The formulas used for a normal VLOOKUP, the oldname can be found with VLOOKUP because the New Name is on left of the Old Name in the SHN (Newname/Oldname) table.  Finding the Residence from the Oldname/Residence table is straightforward.
B2      =VLOOKUP($A2,SHN!$A$1:$B$20,2,FALSE)
C2      =VLOOKUP($B2,SHR!$A$1:$D$20,2,FALSE)
D2      =VLOOKUP($B2,SHR!$A$1:$D$20,3,FALSE)
E2      =VLOOKUP($B2,SHR!$A$1:$D$20,4,FALSE)
VLOOKUP requires that the search argument be in the left-most column of the indicated table, and that the data that is returned is in a column to the right in that table.  You can use INDEX and MATCH to get around this limitation in order to use your existing tables.
Another reason to use Index/Match reported by Nigel Thomas is to produce an error if the data is bad.

INDEX/MATCH -- Tables Oldname/Newname,  Oldname/Residence

This one cannot use VLOOKUP because the conversion table for Old Name to Newname from the SHO (Oldname/Newname) table has the Oldname on left of newname so is unsuitable for a VLOOKUP.  Finding the Residence from the Oldname/Residence table is straightforward.
This part with the INDEX/MATCH is based on a posting by:  Leonard E. Meads
   Re: Need Help Linking Spreadsheets
    http://groups.google.com/groups?oi=djq&ic=1&selm=an_521824369
B2      =INDEX(SHO!$A$1:$A$10,MATCH(A2,SHO!$B$1:$B$20,0))
C2      =VLOOKUP($B2,SHR!$A$1:$D$20,2,FALSE)
D2      =VLOOKUP($B2,SHR!$A$1:$D$20,3,FALSE)
E2      =VLOOKUP($B2,SHR!$A$1:$D$20,4,FALSE)

What the New Table Might Really Look Like, without Oldname


A
B
C
D
1
LastnameN
Residence
Town
ST
2
burnsN
121 Burns Road
Burnett
CA
3
JohnsN
31 Johnson Ave
One Horse
WY
4
SmithN
1441 Smith Hwy
Big Pond
OH
5
WagnerN
#N/A
#N/A
#N/A
We probably would not show the oldname, so by substituting the Oldname i.e. $B2 we'll change the previous formulas with:
former $B2 INDEX(SHO!$A$1:$A$20,MATCH(A2,SHO!$B$1:$B$20,0))







B2 =VLOOKUP(INDEX(SHO!$A$1:$A$20,MATCH(A2,SHO!$B$1:$B$20,0)),SHR!$A$1:$D$20,2,FALSE)


C2 =VLOOKUP(INDEX(SHO!$A$1:$A$20,MATCH(A2,SHO!$B$1:$B$20,0)),SHR!$A$1:$D$20,3,FALSE)


D2 =VLOOKUP(INDEX(SHO!$A$1:$A$20,MATCH(A2,SHO!$B$1:$B$20,0)),SHR!$A$1:$D$20,4,FALSE)
If the table SHN were used the substitution in blue above would be
former $B2       VLOOKUP($A2,SHN!$A$1:$B$20,2,FALSE)
These formulas could be simplied by substituting tables:  
SHOA     SHO!$A$1:$A$20
SHOB     SHO!$B$1:$B$20
SHR      SHR!$A$1:$D$20
SHN      SHN!$A$1:$B$20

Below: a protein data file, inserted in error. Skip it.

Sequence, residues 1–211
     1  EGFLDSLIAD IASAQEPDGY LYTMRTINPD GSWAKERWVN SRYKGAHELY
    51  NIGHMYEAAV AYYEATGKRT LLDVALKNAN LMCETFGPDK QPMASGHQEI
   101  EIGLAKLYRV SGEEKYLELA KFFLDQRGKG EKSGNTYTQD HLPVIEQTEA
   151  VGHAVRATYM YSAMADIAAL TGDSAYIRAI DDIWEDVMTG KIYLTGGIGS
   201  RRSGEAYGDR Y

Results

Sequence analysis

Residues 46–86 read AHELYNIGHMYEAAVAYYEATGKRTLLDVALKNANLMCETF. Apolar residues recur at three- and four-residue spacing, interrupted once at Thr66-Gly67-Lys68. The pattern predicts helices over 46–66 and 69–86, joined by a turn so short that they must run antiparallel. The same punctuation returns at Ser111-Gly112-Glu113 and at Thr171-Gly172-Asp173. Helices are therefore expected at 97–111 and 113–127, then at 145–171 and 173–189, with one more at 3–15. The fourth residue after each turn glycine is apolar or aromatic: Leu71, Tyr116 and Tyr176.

Tables (#tables)

Table SHN - Newname/Oldname


A
B
1
LastnameN
LastnameO
2
burnsN
BurnsO
3
JohnsN
JohnsO
4
SmithN
SmithO
   
Table SHO - Oldname/Newname


A
B
1
LastnameO
LastnameN
2
burnsO
BurnsN
3
JohnsO
JohnsN
4
SmithO
SmithN
Table SHR - Oldname/Residence

A
B
C
D
1
LastnameO
Residence
Town
ST
2
BurnsO
121 Burns Road
Burnett
CA
3
JohnsO
31 Johnson Ave
One Horse
WY
4
SmithO
1441 Smith Hwy
Big Pond
OH

Looking for incorrect/missing items between two tables (#missing)

An interesting solution provided to Tom Ogilvy, misc, 2001-05-09 (Tallying of Datas)
Coloring added for illustrative purposes.


A
B
C
D
E
1
Book Id
Location
Date In
Date Out

2
23
1
02/12/2001
04/22/2001

3
45
5
04/17/2001
04/19/2001
Location Mismatch
4
57
6
03/18/2000
03/19/2000

5
59
7
05/12/2001










A
B
C
D
1
Book Id
Location
Date Purchased

2
23
1
02/12/2000

3
45
2
04/17/2001
Location Mismatch
4
56
5
04/20/2000
Missing ID 56
5
57
6
03/18/1999

6
59
7
05/12/2000










Formula in D2 of Sheet M.Set1:  (use fill-handle to fill down)
=IF(ISERROR(VLOOKUP(A2,M.Set2!$A$2:$C$200,2,FALSE)),"Missing ID " & A2,IF(VLOOKUP(A2,M.Set2!$A$2:$C$200,2,FALSE)<> B2,"Location Mismatch",""))
Formula in E2 of Sheet M.Set2:  (same as previous formula just for a different sheet)
=IF(ISERROR(VLOOKUP(A2,M.Set1!$A$2:$C$200,2,FALSE)),"Missing ID " &A2,IF(VLOOKUP(A2,M.Set1!$A$2:$C$200,2,FALSE)<>B2,"Location Mismatch",""))

Three Way Lookup (#threeway)


A
B
C
D
E
F
G
H
I
1
Plant-Name
Prod. Name  
Jan 
Feb   
March   
April



2
Plant-A    
Prod A      
5
12
8
22

Given:

3
Plant-A    
Prod B      
6
15
15
18

Plant
Plant-A
4
Plant-A    
Prod C      
8
66
42
45

Prod.
Prod B
5
Plant-B    
Prod A      
2
45
12
16

Month
March
6
Plant-B    
Prod B      
4
22
6
45



7
Plant-B    
Prod C      
6
15
2
52

Find value
(see formula)

 

 






Bob Ulmas, solved this problem 2001-05-30 in worksheet.functions as follows:
If “Plant Name” is in cell A2, then this formula will work
Array-enter:
    =INDEX(data,MATCH(A10&A11,A3:A8&B3:B8,0),MATCH(A12,2:2,0))
Where A10 contains variable plant (Plant A) and A11 contains variable
product (Prod B) and A12 contains the variable month (March)
array-enter is Ctrl/shift/enter

Partial string lookups   (#partialstring)

The following is a reply from Debra Dalgleish in response to looking up part of the cell. For example, if the cell contains “Dallas, Texas” it is to pick up the city of Dallas without regard to the comma and the remainder after the comma.
=VLOOKUP(LEFT($A2,LEN($A2)-FIND(",",$A2)-1),Cities,2,FALSE)
See use of the FindFirstChar macro (code) described in posting (misc, 2002-10-31).

Find an associated value for the Maximum value of a Column   (#max)

Find the associated text value in Column C for the maximum numeric value in a Column B range.